On top of Pfeifferhorn with stripped-down 60 liter Cilogear Worksack
Phil with 40 Liter Worksack
A couple years ago, I was working in a specialty outdoor retail shop here in Ogden, Utah. A good friend of mine walked into the store with a big grin on his face. That smile could only mean one of two things; either he had just returned from a climbing trip and had ticked off one of our dream routes without me and was here to gloat, or he had a new piece of dream gear that he wanted to show off to me and gloat. Either way, I was prepping myself to be gloated upon.
He was holding in his hand a large backpack stuffed to the brim. It seemed as big or bigger than my 50 liter climbing backpack. The simplicity of the pack was beautiful, but I still wasn't quite sure why he was so excited. Then he said, "Watch this!," and began to take pillow after pillow and sleeping bag after sleeping bag out of the pack. Suddenly the pack want from a 60ish-liter pack to a tall-but-slender 15-20 liter pack. I fought jealousy and envy back as I eyed his new toy. Then he took out the framesheet and took off the hip belt, removed all the straps and showed me the removable bivy pad. This was the sweetest climbing pack I had ever seen!
And then he really broke the news to me: "Oh yeah, by the way," he said, "I just got back from climbing Castleton. I would've called you but I knew you were working. I picked this pack up in Moab on the way home."
That was the last time I talked to that so-called "friend" of mine, and the first time I started to dream about Cilogear backpacks. I mean, friends just aren't that cruel, right? Well, actually that was the last time I talked to that friend for the week, but the next week we went cragging and all was well again. I am actually grateful to that friend for pointing me toward Cilogear packs.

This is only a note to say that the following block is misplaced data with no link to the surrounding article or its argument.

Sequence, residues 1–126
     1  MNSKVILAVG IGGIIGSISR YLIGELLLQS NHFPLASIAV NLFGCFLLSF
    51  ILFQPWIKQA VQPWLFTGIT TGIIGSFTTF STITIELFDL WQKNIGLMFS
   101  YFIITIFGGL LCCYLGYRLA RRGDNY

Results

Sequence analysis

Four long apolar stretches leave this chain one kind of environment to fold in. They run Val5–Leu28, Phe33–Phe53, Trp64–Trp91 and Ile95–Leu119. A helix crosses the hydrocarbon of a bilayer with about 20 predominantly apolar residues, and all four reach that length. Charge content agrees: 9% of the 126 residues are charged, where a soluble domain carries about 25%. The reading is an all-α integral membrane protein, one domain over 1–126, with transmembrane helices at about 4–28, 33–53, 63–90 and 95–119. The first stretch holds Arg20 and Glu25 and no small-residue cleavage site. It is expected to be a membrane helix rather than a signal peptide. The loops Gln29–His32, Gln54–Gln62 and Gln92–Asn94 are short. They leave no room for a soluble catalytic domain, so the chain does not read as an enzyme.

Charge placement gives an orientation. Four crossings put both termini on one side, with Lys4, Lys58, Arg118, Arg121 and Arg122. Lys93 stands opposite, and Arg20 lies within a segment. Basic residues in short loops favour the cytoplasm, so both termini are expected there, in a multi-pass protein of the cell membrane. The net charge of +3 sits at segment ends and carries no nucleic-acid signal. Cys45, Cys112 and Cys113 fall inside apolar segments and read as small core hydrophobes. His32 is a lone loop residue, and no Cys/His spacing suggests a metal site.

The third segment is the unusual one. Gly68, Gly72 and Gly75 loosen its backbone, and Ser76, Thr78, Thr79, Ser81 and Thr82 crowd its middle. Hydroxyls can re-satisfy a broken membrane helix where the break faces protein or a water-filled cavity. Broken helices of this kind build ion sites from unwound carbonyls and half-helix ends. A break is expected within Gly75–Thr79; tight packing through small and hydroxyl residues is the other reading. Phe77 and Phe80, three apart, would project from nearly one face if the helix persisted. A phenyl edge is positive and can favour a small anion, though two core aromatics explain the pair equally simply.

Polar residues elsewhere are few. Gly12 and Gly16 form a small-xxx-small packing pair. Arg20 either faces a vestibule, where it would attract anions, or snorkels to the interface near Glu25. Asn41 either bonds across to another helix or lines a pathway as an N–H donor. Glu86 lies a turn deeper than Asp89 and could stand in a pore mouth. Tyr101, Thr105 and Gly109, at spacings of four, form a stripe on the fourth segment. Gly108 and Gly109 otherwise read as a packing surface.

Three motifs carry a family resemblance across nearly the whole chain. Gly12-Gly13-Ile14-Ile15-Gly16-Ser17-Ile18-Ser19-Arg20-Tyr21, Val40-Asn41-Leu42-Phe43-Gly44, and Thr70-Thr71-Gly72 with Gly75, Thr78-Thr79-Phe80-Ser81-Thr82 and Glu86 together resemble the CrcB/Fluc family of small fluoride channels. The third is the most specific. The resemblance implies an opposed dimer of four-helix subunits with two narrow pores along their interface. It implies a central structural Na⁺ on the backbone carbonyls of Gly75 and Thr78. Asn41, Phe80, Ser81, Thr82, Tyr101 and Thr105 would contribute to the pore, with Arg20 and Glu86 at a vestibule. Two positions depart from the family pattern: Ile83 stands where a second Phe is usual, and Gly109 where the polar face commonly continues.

My Cilogear Worksack
I got my own Cilogear Worksack 60L about four months ago and have done my best to test it out in all different situations. I have used it backpacking, ice cragging, rock cragging, on multi-pitch ice, and multi-pitch rock, alpine climbing, and even snowshoeing. I have carried anywhere from 10 to 65 pounds in it and have used it with and without the frame sheet. In every situation it has performed incredibly well. The only downside is that the pack that I have is 60L. There are times that I wish I had a 40L or 30L. But, the 60L has been able to compress down quite small to carry well with small loads and not feel too big.
Here are some specs:
These weights are from my own scale, but they are almost identical to those found on Cilogear's website. It's always refreshing to me when companies present their products accurately. This pack is a medium torso.
- 4lb 10oz - The whole pack, including an added wand pocket and all of the straps the pack comes with, and a rope catch.
- 4lb 2oz - The pack with no straps or wand pocket. Does have top lid attached.
- 3lb 10oz - The pack with no straps or lid with connecting straps for lid also removed
- 2lb 11oz - Same as previous but with framesheet removed
- 2lb - no framesheet, hipbelt, bivy pad, straps, or lid.